Thursday, April 7, 2011

Crime 101 - The Inside Man Part 2

On Tuesday we talked about The Inside Man as a key way for making a crime just that much easier or more effective. In specific we talked about opening an Inside Man and socializing them to be able to function as part of your crew. Today, we're going to look at the inside man, and how it may show up in your game. So, let's take a look at that.

The PC As The Inside Man
One of the things that I specifically didn't talk about on Tuesday, was the other way of setting up the Inside Man. How do you do it? Well, it is simple. You take someone on your crew, and you have them placed on the inside where you need them. This generally takes a lot more time and planning on the crews part, because to get to a useful position, the inside man will need time to generate trust and respect inside wherever he/she is. That being said, once they're in place, you have someone who is primarily part of your crew first, inside man second, on the inside. Which means you have less issues with them being caught for being nervous, or suddenly getting cold feet.

This approach is more of a "professional" approach for the inside man. Odds are they'll do less work per year, and so the work they do do will have to pay off well enough to make up for that. Still, if the PC crew has time, this can be a wonderful way to set things up and give someone who otherwise has little to do a big role in the heist your PCs are trying to do.

Avoiding Detection
One of the chief problems the PC inside man is going to have is avoiding detection. They've joined whatever the place is, with the specific interest in robbing/hitting the place. Now, take a moment and think about it. How do you feel about the new employee who is just full of questions about the building's security? Who goes off to check how the duct system works? Who you find checking her watch every time the guards do a patrol by certain areas? Yeah, pretty suspicious.

This is another reason why planting the inside man takes time. They need to build trust - as I said above - and trust is hard to build when you are constantly acting suspiciously. For PCs, this means doing things slowly. Specifying with the GM that they are trying to do such. Alternatively, finding and opening a second inside man specifically for the training/info gathering part of things. Always nice to have a patsy right?

Slow Fade or Fast Vanish?
The other big thing you need to know with a PC inside man is if you are going to vanish in a flash, or do a slow fade after the job has been done. Depending on the heist, the inside man may be needed for some of the lifting and moving of what is being taken. However, anyone who isn't present when the dust settles is going to make up the short list of just who was involved in the crime. So, the question again, do you vanish with the crew when the job is done? Or stick around and slowly fade from the premises?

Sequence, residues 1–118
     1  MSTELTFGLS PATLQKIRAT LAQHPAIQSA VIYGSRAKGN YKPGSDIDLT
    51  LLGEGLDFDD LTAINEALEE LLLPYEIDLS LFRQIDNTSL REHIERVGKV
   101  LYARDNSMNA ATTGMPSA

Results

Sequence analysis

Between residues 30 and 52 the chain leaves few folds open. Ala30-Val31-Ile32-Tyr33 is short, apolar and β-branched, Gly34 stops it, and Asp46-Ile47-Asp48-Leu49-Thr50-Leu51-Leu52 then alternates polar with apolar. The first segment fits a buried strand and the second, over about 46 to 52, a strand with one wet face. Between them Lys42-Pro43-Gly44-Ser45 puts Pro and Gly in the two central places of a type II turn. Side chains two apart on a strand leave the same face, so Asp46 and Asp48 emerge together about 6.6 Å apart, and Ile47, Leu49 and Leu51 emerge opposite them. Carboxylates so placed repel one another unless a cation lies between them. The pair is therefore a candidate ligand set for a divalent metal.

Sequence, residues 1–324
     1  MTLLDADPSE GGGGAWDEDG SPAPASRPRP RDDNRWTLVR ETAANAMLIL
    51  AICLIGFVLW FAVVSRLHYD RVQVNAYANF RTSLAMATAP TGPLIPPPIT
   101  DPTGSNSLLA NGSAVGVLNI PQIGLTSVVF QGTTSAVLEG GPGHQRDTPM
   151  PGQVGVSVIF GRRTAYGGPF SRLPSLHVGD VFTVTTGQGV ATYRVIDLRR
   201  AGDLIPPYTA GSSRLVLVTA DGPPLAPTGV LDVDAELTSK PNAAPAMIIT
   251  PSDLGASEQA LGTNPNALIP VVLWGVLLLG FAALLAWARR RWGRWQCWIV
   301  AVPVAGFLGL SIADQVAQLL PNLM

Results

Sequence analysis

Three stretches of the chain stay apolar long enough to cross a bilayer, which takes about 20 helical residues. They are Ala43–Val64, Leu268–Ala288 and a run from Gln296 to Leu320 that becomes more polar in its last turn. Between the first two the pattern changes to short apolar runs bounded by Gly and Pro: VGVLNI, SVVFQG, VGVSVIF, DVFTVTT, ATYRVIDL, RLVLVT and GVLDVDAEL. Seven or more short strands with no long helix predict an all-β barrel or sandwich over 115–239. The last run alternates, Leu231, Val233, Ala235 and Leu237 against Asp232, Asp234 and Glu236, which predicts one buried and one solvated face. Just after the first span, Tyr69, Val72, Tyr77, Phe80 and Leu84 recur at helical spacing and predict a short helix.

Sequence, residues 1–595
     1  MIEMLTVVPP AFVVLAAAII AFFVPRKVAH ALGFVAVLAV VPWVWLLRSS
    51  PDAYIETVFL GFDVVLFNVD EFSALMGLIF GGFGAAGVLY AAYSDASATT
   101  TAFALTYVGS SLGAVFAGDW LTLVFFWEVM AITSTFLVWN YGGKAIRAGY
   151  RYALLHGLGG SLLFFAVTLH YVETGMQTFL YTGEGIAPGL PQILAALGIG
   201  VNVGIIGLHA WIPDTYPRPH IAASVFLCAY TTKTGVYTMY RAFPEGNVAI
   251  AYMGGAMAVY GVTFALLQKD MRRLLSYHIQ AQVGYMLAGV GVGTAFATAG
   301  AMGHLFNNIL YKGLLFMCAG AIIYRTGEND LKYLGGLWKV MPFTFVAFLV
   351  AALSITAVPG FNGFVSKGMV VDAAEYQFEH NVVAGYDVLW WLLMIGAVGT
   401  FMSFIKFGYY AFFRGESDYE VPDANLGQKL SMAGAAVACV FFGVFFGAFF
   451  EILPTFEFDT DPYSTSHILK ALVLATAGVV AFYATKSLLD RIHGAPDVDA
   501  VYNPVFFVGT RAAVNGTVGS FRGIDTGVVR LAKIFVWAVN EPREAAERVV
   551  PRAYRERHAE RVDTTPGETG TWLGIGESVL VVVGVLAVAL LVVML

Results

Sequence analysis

If you vanish, you - and your crew - need to leave the town fairly quickly. After all, you worked there for a while, and now the police are going to be checking all the data you provided - and your photo - against all their happy databases. They're also going to be looking for connections, and that could get them the PCs. On the plus side though, you know you are free, and you have the job pulled off so it is payday. Right?

If you slow fade, you need to be around when the dust settles. The danger here is that if someone knows you were involved, you have an increased chance of getting caught (but that's ok, your friends will help you right? After all, they need you to pull off that heist...that you just did). The benefit here is that by sticking around you look less guilty (because, hey, you're still there), and can even help mislead the investigators with bad information. If people are saying there were four, say there were actually six. Throw in specific details that also throw off the trail, like a tattoo that you saw, or something like that. Then, put in your walking papers. The trauma of the heist has you feeling weird, you don't feel safe. You quit, you leave, you collect your pay, and you vanish.

Obviously, the slow fade requires more trust in the crew.

Managing The Inside Man
For those groups that choose to open an inside man, rather than plant one, just keep in mind that you need to know how you're going to control them. Are you using force and threats? Or bribes and coersion? If you are using threats, how are you keeping the threat present and the person on task? If bribes, how are you paying? WHat are you paying? Then of course, the most important question, what happens after the crime?

If your inside man can identify you, he is a liability. If he can't, he can be a fall guy, or just left alone. No solution is perfectly clean, and all have ups and downs for them. But you want to know what you're doing ahead of time, and have your crew all in on it. That way there is no arguments later on.

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